The tech world is abuzz with the extraordinary power of what is now called generative AI (GAI), programs that can create new content, including text, audio and images, on the basis of patterns learned from vast amounts of training data. Other GAI programs include text generators such as BERT and BARD, image creators such as DALL-E and Stable Diffusion, music creators like MuseNet, and computer code generators such as Codex.
ChatGPT was made available to the general public in December 2022 and it is said to have been the fastest-growing internet service ever, reaching 100 million users two months after launch. OpenAI, the company behind the program, struck a $10 billion deal with Microsoft, and this technology is now built into Office software and the Bing search engine. Google responded by fast-tracking the rollout of its own chatbot, BARD and is currently working on more advanced AI models. Meta has released its own powerful LLM, called LLAMA, making it freely available to coders around the world. Other tech companies are about to release generative programs which are said to be even more sophisticated and human-like.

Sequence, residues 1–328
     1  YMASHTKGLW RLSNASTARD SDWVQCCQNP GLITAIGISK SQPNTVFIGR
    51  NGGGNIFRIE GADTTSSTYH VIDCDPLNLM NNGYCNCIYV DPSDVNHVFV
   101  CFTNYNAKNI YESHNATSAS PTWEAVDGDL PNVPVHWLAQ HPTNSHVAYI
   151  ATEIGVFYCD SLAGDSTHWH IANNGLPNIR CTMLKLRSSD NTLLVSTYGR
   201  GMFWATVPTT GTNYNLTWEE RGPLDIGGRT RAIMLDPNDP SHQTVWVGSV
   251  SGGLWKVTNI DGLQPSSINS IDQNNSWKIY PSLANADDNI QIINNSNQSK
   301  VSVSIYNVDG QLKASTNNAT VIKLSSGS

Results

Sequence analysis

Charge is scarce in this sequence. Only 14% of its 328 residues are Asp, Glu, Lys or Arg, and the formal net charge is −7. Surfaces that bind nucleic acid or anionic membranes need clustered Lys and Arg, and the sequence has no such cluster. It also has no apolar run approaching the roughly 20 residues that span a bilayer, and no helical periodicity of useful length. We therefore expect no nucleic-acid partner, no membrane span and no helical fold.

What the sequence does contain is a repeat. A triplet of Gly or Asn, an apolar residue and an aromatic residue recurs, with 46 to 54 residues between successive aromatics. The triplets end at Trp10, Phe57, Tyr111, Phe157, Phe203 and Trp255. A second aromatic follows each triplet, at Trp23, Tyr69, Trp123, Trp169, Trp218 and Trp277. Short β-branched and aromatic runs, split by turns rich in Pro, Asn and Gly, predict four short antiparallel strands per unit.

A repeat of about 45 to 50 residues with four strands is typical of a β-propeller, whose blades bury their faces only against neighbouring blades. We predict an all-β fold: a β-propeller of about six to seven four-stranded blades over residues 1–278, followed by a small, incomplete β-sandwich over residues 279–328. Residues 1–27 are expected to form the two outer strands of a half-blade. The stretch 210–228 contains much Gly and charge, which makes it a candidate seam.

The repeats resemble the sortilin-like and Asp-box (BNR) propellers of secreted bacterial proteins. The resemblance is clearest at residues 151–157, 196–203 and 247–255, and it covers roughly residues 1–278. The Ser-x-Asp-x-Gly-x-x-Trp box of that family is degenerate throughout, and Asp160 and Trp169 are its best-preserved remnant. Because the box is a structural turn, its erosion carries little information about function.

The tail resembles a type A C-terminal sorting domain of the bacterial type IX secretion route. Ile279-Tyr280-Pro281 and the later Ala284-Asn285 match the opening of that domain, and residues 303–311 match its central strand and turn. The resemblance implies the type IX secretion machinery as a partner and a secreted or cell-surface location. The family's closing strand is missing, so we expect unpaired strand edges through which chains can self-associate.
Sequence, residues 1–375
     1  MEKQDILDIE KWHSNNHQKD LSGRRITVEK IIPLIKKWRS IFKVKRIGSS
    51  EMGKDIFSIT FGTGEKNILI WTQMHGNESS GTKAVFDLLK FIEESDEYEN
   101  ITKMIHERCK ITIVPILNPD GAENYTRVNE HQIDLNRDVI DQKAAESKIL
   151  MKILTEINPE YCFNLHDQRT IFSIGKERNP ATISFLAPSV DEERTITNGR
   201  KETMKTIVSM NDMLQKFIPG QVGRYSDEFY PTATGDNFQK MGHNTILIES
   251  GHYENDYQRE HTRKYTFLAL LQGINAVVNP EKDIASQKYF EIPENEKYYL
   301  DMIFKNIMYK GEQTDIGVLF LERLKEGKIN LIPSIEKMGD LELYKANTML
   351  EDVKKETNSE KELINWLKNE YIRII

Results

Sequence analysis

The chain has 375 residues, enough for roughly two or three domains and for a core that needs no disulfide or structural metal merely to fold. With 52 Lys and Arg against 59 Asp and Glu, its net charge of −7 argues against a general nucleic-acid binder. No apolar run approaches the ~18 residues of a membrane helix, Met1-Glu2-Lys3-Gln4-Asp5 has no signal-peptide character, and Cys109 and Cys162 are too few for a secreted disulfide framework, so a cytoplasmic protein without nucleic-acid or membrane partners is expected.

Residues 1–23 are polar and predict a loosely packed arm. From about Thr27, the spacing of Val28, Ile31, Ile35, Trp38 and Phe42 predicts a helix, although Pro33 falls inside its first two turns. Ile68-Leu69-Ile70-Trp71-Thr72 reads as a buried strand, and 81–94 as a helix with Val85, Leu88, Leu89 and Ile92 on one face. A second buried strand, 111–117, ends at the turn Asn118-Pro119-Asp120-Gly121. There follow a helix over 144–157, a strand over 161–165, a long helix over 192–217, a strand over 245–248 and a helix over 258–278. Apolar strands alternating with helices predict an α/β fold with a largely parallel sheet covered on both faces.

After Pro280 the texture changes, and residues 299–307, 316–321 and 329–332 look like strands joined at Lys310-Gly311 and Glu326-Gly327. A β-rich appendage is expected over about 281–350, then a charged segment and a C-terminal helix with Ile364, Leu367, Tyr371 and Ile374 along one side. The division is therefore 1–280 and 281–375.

At the time of writing, ChatGPT alone has over 100 million regular users worldwide and the website is currently receiving around 1.5 billion visits per month. It is said that more than a quarter of the UK population have now used a generative AI program and 1 in 3 US college students are using AI to assist their homework on a regular basis.
As engaging with generative AI chatbots and other AI programs becomes a matter of normal everyday life, it’s important to ask the question, how is this changing our self-understanding, our perception of what it means to be human? We are all being confronted with digital machines that seem to be straight out of science fiction. Computers with whom we can have apparently intelligent conversations. Mysterious virtual beings who seem to understand us, and whilst apparently they have instantaneous access to the sum total of human knowledge, they can also respond in real time in unpredictable, original and often surprisingly creative ways.
Whilst we know, in theory, that what the program spits out is merely the result of billions of mathematical calculations and probabilistic statistics, yet we find ourselves being drawn into the sense, the illusion, of meeting another mind. So if it’s possible for a computer constructed out of microchips and wires to ‘think’, to ‘understand’, to be ‘creative’, what does this tell us about ourselves?